My days left in Uganda (and as an SP intern) are rapidly diminishing, meaning I should probably conjure up some final insightful blog post. Unfortunately, I’ve never been very good at saying goodbye or final words. I’m really good at counting down to transitions that I often forget to stop and take the time to enjoy the present. So while there are many things I’m looking forward to, there are just as many things that I’m going to miss about Uganda and my job.
I’m going to miss:
-The pace of life here. The pace of life could also be added to the list of things I won’t miss, but as a slightly OCD time obsessed person it’s been nice to know that even though I may have a million plans and things to do in one day, most days never go according to plan. Instead of being focused on results, I find myself focusing more on experiences, processes and most importantly relationships.
-Fruit. While Karamoja is severely lacking in the fruit and veggie department, the rest of Uganda more than makes up for what Karamoja lacks. Juicy, sweet mangoes that grow in the wild, giant avocados, pineapple that tastes like candy, and bananas of more varieties than I knew existed.
-Weather. If you know me well, this is an obvious aspect of Uganda that will miss. Since I’ve been here and even while traveling throughout the country, there is no part of Uganda that has bad weather. During rainy season in the mountainous areas, it can get chilly but never too cold and even in areas where it gets hot, it’s never unbearable. The perpetual cold and rain of the Netherlands is not exactly beckoning me.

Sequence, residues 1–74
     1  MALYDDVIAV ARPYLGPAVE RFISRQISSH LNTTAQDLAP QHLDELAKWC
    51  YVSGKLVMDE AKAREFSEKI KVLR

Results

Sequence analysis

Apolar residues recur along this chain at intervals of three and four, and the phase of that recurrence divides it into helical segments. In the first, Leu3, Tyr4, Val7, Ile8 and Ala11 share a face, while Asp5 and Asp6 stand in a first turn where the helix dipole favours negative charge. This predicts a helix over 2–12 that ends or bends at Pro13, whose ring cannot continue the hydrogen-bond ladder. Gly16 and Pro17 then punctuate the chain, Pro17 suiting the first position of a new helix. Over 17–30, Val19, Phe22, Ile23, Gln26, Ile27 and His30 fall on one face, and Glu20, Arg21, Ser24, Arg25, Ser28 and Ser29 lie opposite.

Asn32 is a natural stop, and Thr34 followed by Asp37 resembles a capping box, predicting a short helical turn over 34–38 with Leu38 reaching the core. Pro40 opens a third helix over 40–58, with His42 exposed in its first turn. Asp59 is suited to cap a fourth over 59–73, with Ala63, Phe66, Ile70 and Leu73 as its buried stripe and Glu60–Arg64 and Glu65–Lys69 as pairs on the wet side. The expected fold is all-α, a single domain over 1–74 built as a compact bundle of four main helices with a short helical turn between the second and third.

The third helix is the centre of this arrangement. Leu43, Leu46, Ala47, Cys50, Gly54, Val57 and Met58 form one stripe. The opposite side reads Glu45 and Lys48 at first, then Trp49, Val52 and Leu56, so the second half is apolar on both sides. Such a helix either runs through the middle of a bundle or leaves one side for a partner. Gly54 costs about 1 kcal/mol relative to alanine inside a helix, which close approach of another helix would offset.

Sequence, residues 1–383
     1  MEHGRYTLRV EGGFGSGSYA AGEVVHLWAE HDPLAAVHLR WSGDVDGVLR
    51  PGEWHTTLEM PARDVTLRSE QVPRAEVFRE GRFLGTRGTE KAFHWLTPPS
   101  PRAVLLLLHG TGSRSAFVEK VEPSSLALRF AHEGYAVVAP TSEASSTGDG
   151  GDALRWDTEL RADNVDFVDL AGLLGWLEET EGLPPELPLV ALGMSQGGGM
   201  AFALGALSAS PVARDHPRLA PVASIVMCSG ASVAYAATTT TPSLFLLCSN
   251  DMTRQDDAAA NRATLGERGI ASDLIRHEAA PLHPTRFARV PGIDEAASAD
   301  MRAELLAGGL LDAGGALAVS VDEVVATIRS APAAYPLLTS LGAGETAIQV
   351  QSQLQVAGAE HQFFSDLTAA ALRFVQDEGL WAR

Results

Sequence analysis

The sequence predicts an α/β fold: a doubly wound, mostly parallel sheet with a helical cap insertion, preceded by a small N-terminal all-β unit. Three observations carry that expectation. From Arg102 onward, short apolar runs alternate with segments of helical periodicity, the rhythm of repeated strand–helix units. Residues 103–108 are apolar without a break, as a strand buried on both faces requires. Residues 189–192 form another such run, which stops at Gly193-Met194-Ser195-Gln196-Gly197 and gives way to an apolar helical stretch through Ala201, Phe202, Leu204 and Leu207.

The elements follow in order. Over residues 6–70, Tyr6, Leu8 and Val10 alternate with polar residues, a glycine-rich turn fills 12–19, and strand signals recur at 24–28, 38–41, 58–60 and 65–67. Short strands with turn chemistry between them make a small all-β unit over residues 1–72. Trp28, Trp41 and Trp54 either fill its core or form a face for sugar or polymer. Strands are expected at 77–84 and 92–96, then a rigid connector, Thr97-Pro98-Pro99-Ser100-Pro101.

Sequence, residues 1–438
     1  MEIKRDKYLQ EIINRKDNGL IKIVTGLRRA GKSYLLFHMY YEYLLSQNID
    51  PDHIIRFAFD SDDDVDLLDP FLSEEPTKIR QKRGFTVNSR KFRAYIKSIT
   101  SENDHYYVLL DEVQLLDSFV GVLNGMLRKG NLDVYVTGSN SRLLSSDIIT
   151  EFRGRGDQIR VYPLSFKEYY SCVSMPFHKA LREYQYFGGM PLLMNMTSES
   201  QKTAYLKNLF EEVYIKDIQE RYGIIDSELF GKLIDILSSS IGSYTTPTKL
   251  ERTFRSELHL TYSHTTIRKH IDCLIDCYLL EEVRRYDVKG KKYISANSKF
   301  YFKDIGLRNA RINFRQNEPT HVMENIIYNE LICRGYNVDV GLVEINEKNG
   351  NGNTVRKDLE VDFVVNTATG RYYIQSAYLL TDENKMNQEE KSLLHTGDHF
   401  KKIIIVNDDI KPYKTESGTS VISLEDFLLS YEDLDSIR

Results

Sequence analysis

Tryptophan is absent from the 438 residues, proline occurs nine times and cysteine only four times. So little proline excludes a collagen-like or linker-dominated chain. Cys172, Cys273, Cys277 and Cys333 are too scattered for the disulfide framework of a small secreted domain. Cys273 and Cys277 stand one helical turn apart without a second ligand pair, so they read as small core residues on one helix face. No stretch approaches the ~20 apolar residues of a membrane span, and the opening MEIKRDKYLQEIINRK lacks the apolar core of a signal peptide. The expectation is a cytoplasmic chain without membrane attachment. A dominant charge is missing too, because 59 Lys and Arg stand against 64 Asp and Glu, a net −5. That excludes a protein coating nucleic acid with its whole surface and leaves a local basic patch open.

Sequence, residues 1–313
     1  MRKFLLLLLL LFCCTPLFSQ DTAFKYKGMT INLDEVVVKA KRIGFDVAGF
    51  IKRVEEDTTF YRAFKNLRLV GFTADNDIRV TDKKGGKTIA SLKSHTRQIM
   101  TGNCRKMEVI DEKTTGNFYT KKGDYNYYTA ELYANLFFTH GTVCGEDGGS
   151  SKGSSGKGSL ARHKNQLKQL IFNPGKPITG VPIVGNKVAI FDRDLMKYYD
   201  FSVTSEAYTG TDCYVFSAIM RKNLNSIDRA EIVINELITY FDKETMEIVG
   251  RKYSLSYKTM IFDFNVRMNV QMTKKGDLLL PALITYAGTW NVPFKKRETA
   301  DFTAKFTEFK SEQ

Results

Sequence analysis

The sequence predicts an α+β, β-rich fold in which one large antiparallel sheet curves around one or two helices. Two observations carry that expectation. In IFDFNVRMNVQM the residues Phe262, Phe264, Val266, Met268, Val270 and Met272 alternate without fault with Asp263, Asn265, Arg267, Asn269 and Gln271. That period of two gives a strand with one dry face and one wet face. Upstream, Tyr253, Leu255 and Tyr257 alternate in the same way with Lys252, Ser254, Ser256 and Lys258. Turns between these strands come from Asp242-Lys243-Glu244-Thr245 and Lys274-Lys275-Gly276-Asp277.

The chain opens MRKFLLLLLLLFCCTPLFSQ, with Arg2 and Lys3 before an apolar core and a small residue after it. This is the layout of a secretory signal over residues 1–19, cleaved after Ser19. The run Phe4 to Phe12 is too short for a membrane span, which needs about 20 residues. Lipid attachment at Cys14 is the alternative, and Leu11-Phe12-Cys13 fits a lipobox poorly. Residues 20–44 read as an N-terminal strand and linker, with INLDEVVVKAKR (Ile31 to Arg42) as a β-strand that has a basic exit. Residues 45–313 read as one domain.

-Starry skies in Moroto. I’m now back in Kampala, but I was gifted with two breathtakingly last starry nights in Moroto. Looking up at a sky filled with bright twinkling dots inspires me and also leaves me feeling like a tiny speck in a massive universe.
-People. This is an obvious aspect of any move that is difficult. I’m extremely thankful for both the interactions I’ve had with Ugandans and how I’ve learned and grown, but also for my expat friends who I can effortlessly feel like myself around, have insightful (and not so insightful) conversations with, and who inspire me with their travel and life stories. I’ve almost taken for granted all well-traveled my circle of friends is here and it will be a difficult adjustment to perhaps be around people who haven’t spent their lives globe-trotting.
I’m already missing life in Moroto, although very much looking forward to the next stage in life. Like all places I’ve visited and lived in, Uganda will have a special place in my heart.